Barnsley Biodiversity Trust: Barnsley Biodiversity Action Plan. Last Updated January 2016

Floodplain meadows and grazing marshes are replacements for the natural cover of wet woodland on alluvial soils in river floodplain areas. They are sustained after winter flooding by summer hay-cut and consequent grazing or spring and summer grazing resulting in differences in vegetative cover.


The UK BAP priority habitat defines floodplain grazing marsh as periodically inundated pasture or meadow with ditches which maintain the water levels. The ditches may be especially rich in plants and invertebrates. They are usually grazed and some are cut for hay or silage.  There may be little distinction between floodplain grazing marsh and wet neutral lowland grassland, within the lowland meadow UK BAP priority habitat.


Floodplain grassland and grazing marshes are particularly important for the number of breeding waders such as snipe, and they also support lapwing and important populations of wintering wigeon.


The sites are also important for eel and grass snake and can contain a rich mosaic of plant communities, including some regionally-scarce species such as pepper saxifrage and great burnet.


Wombwell Ings is probably the most significant floodplain grazing marsh in the Barnsley areas and has possibly been managed as floodplain meadow historically.


Other sites include: Broomhill Flash, Park Hill Brickworks, Edderthorpe Ings, Wath Ings, Doveside, Carlton Marsh and Wilthorpe Marsh. RSPB Old Moor includes new and modified areas of this type. For information on local wildlife sites see below.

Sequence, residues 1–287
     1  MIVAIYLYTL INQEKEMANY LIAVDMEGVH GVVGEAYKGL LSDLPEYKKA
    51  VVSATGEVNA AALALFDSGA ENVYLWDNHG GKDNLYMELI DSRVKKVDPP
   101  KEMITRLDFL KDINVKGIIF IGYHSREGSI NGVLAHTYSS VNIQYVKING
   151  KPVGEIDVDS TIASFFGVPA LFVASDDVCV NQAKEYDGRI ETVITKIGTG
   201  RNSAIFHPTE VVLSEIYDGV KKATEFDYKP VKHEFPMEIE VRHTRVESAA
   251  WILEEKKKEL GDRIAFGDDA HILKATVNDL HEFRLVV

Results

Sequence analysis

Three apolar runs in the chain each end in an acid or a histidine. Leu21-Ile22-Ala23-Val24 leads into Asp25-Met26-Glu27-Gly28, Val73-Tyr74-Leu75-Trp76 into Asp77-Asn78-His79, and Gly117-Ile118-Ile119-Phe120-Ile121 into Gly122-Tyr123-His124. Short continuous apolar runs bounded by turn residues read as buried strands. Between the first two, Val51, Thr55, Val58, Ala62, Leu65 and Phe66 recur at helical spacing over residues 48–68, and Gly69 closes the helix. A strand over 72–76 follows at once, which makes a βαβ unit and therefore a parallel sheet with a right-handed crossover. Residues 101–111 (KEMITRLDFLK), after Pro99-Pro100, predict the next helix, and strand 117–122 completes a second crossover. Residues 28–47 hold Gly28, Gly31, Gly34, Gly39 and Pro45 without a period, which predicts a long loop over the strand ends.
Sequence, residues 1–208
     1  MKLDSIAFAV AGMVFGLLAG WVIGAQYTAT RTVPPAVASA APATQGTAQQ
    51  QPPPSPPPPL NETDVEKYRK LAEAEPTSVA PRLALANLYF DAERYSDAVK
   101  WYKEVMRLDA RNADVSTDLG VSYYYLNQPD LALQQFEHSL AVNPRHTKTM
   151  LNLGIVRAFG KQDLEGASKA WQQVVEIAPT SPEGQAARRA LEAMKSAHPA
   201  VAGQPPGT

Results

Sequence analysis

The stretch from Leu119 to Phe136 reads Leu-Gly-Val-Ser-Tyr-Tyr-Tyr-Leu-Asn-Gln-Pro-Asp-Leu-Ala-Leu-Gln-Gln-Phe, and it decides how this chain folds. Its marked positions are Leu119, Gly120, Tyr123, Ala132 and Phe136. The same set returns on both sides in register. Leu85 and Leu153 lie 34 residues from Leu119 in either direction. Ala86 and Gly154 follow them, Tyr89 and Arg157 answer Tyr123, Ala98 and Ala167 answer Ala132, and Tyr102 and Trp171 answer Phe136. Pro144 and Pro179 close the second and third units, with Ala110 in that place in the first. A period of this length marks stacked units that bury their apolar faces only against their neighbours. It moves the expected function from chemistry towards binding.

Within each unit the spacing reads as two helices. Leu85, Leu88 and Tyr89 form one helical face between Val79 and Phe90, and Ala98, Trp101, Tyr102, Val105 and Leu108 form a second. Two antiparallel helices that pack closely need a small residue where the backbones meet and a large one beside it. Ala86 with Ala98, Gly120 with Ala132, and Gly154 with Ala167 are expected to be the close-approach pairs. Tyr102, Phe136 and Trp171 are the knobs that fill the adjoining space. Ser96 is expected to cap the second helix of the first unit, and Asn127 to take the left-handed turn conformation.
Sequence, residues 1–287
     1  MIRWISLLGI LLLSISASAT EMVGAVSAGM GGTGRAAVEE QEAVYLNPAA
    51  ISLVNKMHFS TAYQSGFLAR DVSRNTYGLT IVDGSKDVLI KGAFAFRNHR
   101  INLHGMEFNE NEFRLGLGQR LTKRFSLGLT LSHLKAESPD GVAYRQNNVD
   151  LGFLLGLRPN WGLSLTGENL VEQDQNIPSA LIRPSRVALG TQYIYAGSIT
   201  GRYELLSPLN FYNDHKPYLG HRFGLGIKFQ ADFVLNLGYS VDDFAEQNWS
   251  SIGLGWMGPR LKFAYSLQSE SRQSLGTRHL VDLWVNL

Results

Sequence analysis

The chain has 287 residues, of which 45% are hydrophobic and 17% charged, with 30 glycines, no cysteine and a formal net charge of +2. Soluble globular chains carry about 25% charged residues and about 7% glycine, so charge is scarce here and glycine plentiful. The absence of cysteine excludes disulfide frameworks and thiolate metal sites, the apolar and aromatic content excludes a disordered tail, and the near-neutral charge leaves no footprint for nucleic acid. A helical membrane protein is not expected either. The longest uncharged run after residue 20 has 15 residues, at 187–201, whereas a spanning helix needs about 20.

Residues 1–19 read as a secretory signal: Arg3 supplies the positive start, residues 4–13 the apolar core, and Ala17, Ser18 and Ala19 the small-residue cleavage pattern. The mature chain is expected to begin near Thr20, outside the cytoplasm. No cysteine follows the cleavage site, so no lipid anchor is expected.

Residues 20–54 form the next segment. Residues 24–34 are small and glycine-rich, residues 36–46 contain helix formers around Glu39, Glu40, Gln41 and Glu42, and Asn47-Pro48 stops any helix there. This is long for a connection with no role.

Priority habitat

Floodplain grazing marsh is identified as UK priority habitat within the broad category improved grassland.


However the UK BAP priority habitat lowland meadow - which includes seasonally inundated grassland - is within the unimproved and semi-improved neutral grassland broad habitat category.


Unimproved and semi-improved neutral grassland and marshy grassland are identified as such in Phase 1 habitat surveys.  


The National Vegetation Classification identifies the following plant communities for inundated grassland

MG4 Burnet floodplain meadow

MG5 Knapweed meadow

MG7 Foxtail grassland

MG11 Silverweed pasture

 

Grassland or grazing marsh that meets the priority habitat criteria is quite scarce and under threat. They should be protected and conserved.

Floodplain grazing marsh: These wet grasslands are periodically inundated pastures or meadows in river floodplain areas, usually criss-crossed by ditches that maintain a high water level. Most sites also have an important role in flood defence. The combination of grasslands and wetland margins or ditches promotes biodiversity.

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Local Wildlife Sites

Floodplain grazing marsh

25 Barnsley Canal / Wilthorpe Marsh

37 Gipsy Marsh

27 Carlton Marsh

36 Broomhill Flash & Wombwell Ings

38 Old Moor & Wath Ings

39 Bolton-on-Dearne wetland



The Barnsley criteria for selection of a local wildlife site due to its floodplain and grazing marsh are that it should be ≥0.5ha in size and have 18 or more  species from a list of 90 grassland indicator plants including grasses and sedges. It may also be selected because of the fauna that such grassland supports.

Links for information and advice

Floodplain meadows partnership.


RSPB: Grazing grassland

RSPB: Rewetting grassland

RSPB: Grassland management for birds


NE: Assessing grassland priority habitat

NE: Grassland management handbook



Map …

For information on causes of loss and decline,  legal protection, good management practice  and roles, see general information on grasslands.